We also sampled a few desserts. We found all three to be average, but regrettably cold. The crustless apple tart (above right) I had with spiced whip cream reminded me of a lukewarm Starbucks drink; could be worse I suppose. My friend’s eggnog creme brulee didn’t taste particularly like eggnog, but with a great torching job on the top, it was strangely cold. The chocolate rum lava cake with poached pears was good, but again, not hot. We thought all three were best-served warm. It’s too bad.

Service and Ambience:

I found our server to be very friendly and helpful with the menu, and the supporting staff also were around frequently replacing silverware, water refilling, etc. Food came out at a good pace given the room was busy at lunch.

As for how the place looks, it’s very modern and minimalistic. There’s a great metal sculpture that protrudes out from the cafeteria below that I particularly liked (above). The dining room itself is really big and felt somewhat empty, but that’s minimalism for you. Whether you think that style is suited for a restaurant is your own call, but as a space in a museum, I can understand the design choice.

The Reco?

I liked lunch at Frank. Despite the temperature-challenged desserts and a few small misses, we quite enjoyed the steak, crab cakes, octopus, and risotto. For an area that’s a little short on nicer restaurants, I think it’s a very respectable option. I’d definitely go back to taste more dishes both at lunch and for dinner.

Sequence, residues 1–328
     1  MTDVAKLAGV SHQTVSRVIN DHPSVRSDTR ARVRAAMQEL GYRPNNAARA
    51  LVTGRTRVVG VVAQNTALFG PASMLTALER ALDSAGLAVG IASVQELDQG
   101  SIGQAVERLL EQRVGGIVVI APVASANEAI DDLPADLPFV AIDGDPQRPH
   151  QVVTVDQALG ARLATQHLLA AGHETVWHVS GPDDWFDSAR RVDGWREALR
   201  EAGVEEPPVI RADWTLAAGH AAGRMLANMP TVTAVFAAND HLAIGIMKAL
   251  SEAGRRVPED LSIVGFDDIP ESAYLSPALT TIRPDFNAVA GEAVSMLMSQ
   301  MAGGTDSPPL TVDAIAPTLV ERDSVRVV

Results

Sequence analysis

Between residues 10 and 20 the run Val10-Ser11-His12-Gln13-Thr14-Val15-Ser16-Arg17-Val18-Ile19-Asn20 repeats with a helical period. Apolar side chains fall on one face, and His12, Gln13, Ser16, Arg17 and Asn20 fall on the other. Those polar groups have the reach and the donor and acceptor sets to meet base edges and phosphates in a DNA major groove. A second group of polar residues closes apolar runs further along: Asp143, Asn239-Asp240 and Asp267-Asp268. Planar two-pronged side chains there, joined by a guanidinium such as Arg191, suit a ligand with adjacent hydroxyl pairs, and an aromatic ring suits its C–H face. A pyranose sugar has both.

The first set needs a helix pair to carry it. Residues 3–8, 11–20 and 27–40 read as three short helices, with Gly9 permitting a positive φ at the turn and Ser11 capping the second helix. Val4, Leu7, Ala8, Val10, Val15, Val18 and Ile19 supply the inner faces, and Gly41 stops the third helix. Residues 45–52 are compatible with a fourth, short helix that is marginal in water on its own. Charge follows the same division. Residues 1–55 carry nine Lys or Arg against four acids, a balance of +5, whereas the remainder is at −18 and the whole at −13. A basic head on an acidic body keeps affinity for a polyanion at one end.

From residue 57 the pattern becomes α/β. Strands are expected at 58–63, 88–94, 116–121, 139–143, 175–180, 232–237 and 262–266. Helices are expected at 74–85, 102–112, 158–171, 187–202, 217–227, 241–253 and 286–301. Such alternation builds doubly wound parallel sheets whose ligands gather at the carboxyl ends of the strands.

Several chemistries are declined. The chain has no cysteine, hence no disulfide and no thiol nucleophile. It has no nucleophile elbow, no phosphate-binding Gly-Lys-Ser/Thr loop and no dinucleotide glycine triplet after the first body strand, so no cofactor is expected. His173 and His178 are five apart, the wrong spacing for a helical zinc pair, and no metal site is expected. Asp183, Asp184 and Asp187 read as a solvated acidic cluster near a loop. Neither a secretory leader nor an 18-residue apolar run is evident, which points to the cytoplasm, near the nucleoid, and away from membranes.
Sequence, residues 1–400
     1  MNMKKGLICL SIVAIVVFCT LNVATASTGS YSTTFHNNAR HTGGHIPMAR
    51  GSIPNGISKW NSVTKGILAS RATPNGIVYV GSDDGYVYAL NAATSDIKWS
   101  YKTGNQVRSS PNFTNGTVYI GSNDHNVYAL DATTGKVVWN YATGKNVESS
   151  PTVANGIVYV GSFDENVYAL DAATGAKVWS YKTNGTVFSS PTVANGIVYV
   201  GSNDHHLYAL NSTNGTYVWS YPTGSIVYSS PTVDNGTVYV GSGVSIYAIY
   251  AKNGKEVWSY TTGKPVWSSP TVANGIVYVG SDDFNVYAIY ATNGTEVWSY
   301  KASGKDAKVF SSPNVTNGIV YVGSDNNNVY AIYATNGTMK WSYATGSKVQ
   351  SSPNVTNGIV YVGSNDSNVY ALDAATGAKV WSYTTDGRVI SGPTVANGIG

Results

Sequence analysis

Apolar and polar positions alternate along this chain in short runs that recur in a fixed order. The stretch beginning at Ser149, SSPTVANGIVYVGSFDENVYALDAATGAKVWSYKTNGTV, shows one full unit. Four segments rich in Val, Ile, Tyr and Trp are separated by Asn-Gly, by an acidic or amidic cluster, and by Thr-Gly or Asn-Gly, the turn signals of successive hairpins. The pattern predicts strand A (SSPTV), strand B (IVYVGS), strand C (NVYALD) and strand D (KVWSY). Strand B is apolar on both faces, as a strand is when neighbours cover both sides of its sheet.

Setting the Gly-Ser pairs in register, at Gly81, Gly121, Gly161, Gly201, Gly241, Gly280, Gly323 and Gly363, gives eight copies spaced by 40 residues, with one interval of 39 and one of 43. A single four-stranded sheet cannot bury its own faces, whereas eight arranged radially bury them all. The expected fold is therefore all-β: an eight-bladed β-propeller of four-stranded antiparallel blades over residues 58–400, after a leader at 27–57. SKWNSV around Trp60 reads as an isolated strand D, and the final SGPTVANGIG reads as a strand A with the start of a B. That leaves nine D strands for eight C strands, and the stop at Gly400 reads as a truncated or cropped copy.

Other reviews:
 dineTO     |     NOW Toronto

 Posted by: Jacob, Visited Dec 22, 2011

FRANK on Urbanspoon

JOEY: It’s a chain but…

647-352-5639    |    $13-$35 mains


…it’s very respectable food. I don’t usually review chains, but enough people in the downtown core are asking ‘what about this new Joey place?’. I figured I’d write a mini-review just in case people are on here looking for it.


This menu has been designed with the masses in mind. It’s big: you can get anything from a rainbow roll to bombay butter chicken to steak & prawns. Generally speaking, if you see all three of those things on one menu you should get up from your table and run. But give this a place a chance.

Photo Credit: YUL to YYZ

I’ve had the pan-fried gyoza, rainbow roll, lobster ravioli and moroccan chicken across two visits, and I wasn’t really disappointed in any of them. As is to be expected, this won’t be in the top 5 best asian or moroccan food you’ve ever tasted, but it all tastes good.

I’ve also heard good things about the fish tacos, chicken burger, butter chicken, and the sandwiches. I’ve yet to hear someone tell me what they had was ‘bad’. 

I think the key takeaway is that if you walk in expecting to eat Moxies food, you’ll walk out a very happy diner. 

Service and Ambience

This place is huge inside and there are a ton of servers. That said, during a busy lunch hour, don’t expect to be in and out quickly. On my most recent visit we were there an hour before our mains got to the table and we weren’t checked on frequently enough by our server in the meantime. 

Photo Credit: Stephanie Dickinson, One More Bite

The look of the place fits with what you’d expect: modern, open, trendy, lots of TVs, a good central bar area, and a ton of seating. It’s what a nicer chain restaurant should look like.

The Reco?

It’s not a destination restaurant. It’s not a specialty restaurant. It’s not the best food you’ve had in a while. BUT, it’s good. If you’re going to be near Yonge-Dundas with a few people who can’t all agree on what to eat, I think this is a respectable pick.

Other reviews:
 Plato Putas    |     Food Lover 360    |  YUL to YY

 Posted by: Jacob, Visited Nov 18, 2011

Joey Eaton Centre on Urbanspoon